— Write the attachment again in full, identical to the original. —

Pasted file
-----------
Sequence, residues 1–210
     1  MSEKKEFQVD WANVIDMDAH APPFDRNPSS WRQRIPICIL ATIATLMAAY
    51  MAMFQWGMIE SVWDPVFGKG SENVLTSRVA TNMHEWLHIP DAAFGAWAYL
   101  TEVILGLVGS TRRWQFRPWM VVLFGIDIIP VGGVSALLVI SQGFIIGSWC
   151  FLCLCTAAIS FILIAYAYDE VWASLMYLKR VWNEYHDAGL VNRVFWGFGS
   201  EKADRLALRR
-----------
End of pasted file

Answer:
Sequence, residues 1–210
     1  MSEKKEFQVD WANVIDMDAH APPFDRNPSS WRQRIPICIL ATIATLMAAY
    51  MAMFQWGMIE SVWDPVFGKG SENVLTSRVA TNMHEWLHIP DAAFGAWAYL
   101  TEVILGLVGS TRRWQFRPWM VVLFGIDIIP VGGVSALLVI SQGFIIGSWC
   151  FLCLCTAAIS FILIAYAYDE VWASLMYLKR VWNEYHDAGL VNRVFWGFGS
   201  EKADRLALRR